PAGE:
The Constitutional Court in Uganda has halted the trial of former LRA commander Col. Thomas Kwoyelo. Kwoyelo was facing trial on multiple charges amounting to crimes against humanity. Kwoyelo had applied for amnesty, for which he was entitled under the law, but the Director of Public Prosecution and the Amnesty Commission had not issued him with a Certificate.

The ICD courtroom was fully packed for Kwoyelo's trial

In a unanimous judgement signed by all five Justices of the Court of Appeal, sitting as a Constitutional Court, the court said that the amnesty act of Uganda is constitutional. Furthermore by initially refusing to authorise grant of an amnesty Certificate to Kwoyelo, the Director of Public Prosecutions was held to have denied him equal treatment and protection under the law.

This provision of equal treatment and protection under the law was at the crux of the Kwoyelo's application before the Constitutional Court.
This provision of equal treatment and protection under the law was at the crux of the Kwoyelo's application before the Constitutional Court. The court ordered that Kwoyelo's file be returned to the International Crime Division (ICD) "with a direction that it must cease the trial of the applicant forthwith." According to Kwoyelo's defence Counsel John Francis Onyango, "unless the state appeals the decision, Kwoyelo should be released forthwith". The Attorney General meanwhile has indicated its intention to appeal the decision of the Constitutional Court before the Supreme Court which means Kwoyelo will remain in detention unless he is granted bail pending the determination of his appeal.

The significance of the judgement

The Constitutional court ruling touched upon several issues of critical importance in Uganda namely:

  • The amnesty law in Uganda is constitutional;
  • The application of amnesty in Uganda is not inconsistent with Uganda's obligation under international law;
  • The Parliament of Uganda has powers to make laws on any matter for the peace, order, development and good governance of Uganda;
  • Uganda's amnesty act is uniquely placed as a transitional initiative meant to be used as one of the many possible ways of bringing the rebellion to an end by granting amnesty to those who renounced their activities;
  • Uganda's amnesty law was not self-imposed and does not cover government officials and Uganda Peoples Defence Forces, or state actors generally, and is distinguishable from the South African Amnesty under the Truth and Reconcilation Commision Act;
  • Uganda's amnesty law does not whittle down the prosecutorial powers of the Director of Public Prosecutions or interfere with its independence as the director of prosecutions can still prosecute state actors who committed crimes and rebels who do not denounce rebellion or are excluded under the law by statutory instrument;
  • There is no uniform international standard or practice which prohibit states from granting amnesty;
  • Uganda can use amnesty to solve its domestic problems while still in compliance of its international obligations;
  • Pardon is a legal right as long as requirements for it grant has been fulfilled.

Civil society reaction

The Constitutional Court ruling was received with mixed feelings.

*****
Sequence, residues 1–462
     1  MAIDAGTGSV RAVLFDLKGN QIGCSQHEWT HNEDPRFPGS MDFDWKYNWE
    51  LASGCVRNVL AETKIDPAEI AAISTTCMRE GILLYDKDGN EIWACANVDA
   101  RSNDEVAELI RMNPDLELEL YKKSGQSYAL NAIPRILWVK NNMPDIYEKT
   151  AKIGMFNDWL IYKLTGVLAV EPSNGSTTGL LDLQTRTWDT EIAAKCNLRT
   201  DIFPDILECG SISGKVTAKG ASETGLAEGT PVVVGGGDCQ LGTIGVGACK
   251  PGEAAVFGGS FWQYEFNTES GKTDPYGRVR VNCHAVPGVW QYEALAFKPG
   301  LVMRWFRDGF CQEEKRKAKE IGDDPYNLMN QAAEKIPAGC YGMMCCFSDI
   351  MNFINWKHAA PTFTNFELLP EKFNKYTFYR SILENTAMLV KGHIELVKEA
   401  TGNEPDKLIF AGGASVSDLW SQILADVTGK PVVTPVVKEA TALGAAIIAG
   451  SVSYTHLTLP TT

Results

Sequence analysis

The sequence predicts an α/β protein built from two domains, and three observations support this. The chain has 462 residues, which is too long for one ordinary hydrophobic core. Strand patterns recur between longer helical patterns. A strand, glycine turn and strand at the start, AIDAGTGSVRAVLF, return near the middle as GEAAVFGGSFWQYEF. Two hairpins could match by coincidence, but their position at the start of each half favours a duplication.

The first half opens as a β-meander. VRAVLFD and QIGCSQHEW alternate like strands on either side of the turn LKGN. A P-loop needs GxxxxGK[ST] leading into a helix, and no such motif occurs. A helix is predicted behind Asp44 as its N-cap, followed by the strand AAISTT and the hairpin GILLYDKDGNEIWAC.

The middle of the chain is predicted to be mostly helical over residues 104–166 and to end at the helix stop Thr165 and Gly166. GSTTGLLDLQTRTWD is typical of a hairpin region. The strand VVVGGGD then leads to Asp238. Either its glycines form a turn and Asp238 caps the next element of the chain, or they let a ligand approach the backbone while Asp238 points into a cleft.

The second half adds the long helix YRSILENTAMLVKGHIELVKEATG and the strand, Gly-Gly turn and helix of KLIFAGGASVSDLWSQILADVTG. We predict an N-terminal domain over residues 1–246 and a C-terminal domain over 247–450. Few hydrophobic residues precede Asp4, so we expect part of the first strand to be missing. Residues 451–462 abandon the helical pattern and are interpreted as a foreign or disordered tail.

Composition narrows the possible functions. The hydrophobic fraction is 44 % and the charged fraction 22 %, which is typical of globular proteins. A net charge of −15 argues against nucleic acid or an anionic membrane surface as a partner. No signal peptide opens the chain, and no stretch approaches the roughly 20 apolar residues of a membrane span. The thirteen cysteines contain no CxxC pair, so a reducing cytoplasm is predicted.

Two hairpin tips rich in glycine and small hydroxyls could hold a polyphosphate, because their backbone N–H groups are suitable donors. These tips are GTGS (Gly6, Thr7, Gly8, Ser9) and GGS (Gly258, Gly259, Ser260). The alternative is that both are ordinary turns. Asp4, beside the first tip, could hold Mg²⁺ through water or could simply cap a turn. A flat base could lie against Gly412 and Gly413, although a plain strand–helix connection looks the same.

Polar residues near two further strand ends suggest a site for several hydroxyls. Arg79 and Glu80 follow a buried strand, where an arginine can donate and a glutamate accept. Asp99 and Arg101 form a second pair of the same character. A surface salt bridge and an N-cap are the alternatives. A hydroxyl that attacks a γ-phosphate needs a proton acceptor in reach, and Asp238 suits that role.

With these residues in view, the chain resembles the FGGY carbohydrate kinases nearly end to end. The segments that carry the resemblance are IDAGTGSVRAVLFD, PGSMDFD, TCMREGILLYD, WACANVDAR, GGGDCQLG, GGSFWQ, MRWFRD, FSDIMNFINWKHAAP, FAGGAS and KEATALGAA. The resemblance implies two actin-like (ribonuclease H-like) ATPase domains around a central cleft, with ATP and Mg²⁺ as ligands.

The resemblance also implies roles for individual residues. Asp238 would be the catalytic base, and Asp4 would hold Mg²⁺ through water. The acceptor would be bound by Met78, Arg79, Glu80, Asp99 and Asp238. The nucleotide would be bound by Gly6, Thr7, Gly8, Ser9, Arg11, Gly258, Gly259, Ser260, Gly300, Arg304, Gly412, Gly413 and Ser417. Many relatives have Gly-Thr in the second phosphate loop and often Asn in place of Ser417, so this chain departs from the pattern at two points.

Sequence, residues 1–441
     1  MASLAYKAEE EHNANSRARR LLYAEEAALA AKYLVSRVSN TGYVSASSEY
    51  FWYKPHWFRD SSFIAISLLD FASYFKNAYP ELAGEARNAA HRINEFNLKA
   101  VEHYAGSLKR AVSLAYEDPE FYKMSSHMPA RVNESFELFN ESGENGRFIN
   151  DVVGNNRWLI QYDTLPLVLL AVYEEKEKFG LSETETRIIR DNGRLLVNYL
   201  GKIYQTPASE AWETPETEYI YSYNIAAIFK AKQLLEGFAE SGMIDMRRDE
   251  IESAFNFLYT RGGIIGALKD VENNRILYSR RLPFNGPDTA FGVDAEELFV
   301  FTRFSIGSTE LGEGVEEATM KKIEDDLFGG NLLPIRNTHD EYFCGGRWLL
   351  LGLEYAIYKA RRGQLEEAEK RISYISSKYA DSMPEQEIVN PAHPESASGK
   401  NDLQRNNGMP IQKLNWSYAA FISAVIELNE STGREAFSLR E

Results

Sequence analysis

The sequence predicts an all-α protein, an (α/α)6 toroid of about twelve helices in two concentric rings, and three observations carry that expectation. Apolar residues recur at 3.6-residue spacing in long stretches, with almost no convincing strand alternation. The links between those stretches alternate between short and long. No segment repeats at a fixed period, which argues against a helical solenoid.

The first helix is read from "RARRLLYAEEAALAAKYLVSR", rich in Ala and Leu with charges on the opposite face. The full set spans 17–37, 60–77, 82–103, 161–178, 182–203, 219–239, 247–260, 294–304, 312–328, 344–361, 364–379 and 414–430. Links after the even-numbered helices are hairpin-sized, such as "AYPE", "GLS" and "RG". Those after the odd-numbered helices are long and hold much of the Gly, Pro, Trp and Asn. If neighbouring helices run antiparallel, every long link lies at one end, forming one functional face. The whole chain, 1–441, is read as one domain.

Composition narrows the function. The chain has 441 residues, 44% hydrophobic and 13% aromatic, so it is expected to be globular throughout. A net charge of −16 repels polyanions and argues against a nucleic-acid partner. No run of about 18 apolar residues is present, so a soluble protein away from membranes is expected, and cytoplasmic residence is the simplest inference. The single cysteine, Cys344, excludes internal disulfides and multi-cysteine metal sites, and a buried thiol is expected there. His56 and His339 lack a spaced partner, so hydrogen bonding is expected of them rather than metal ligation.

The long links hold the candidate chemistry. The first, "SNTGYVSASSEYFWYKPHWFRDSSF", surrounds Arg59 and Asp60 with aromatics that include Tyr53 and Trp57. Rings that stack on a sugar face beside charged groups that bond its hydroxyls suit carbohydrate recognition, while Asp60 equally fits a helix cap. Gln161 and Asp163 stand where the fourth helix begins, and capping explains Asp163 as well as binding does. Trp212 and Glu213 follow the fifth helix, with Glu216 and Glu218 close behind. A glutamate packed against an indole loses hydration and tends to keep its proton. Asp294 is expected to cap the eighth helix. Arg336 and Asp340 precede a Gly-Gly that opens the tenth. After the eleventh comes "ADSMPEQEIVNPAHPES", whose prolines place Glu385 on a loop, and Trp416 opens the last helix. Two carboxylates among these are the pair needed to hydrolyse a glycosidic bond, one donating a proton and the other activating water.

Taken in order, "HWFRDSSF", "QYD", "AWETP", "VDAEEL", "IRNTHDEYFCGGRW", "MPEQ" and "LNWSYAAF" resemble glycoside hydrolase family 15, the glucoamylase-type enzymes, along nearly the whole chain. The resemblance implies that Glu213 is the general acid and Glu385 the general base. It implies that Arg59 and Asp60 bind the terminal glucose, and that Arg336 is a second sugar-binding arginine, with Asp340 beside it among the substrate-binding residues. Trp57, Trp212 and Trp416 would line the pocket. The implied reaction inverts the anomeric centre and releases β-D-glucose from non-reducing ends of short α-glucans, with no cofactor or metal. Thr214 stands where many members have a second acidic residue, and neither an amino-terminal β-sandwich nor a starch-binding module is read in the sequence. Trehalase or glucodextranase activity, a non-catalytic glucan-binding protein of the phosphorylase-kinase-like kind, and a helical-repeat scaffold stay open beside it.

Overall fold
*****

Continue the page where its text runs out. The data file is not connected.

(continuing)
The Constitutional Court ruling was received with mixed feelings. Within civil society, some groups applauded the judgment saying Kwoyelo was being discriminated against and unequally treated. Some reiterated that the amnesty law is still useful to deal with the remnants of the LRA operating beyond our borders. Many however expressed fears that the ruling, without more direction on how to achieve justice and accountability for victims, sends a wrong signal by condoning impunity. In northern Uganda where Kwoyelo allegedly committed his crimes opinion were equally divided between those who welcomed his victory and those who wanted to see him answer for the alleged crimes.

What happens next?

Either way, there is need to deal with the details of Kwoyelo involvement in the insurgency and its legacies on victims. Kwoyelo was perceived by some as a victim of circumstances and the ruling confirmed the independence of the judiciary in Uganda, especially the Constitutional Court judges. Nothing however was mentioned in the judgment on what should happen to victim groups. While court acknowledged the importance of dealing with the legacies of the conflicts through mechanisms including prosecution, the ruling demonstrated the complications any formal court system will have to grapple with in future accountability processes.

Contrary to the principles of accountability and reconciliation agreed in Juba, between the LRA and government of Uganda, the Court made no direction on what should follow Kwoyelo’s release. This begs the question if the trial is halted then what? Under Agenda Item 3 of the Juba Peace Talks a whole range of accountability and reconciliation mechanisms were agreed upon and so could this be an opportunity to explore the other mechanisms including truth seeking and traditional justice approaches? Kwoyelo will most likely be given his long overdue amnesty certificate but how will he reintegrate into society following this immense publicity as a war criminal? Will the pre-designed witness protection programmes initially accorded to those witnesses to testify against Kwoyelo, now be extended to Kwoyelo himself? Could this be used as an incentive for Kwoyelo to clarify his roles and participation in the insurgency?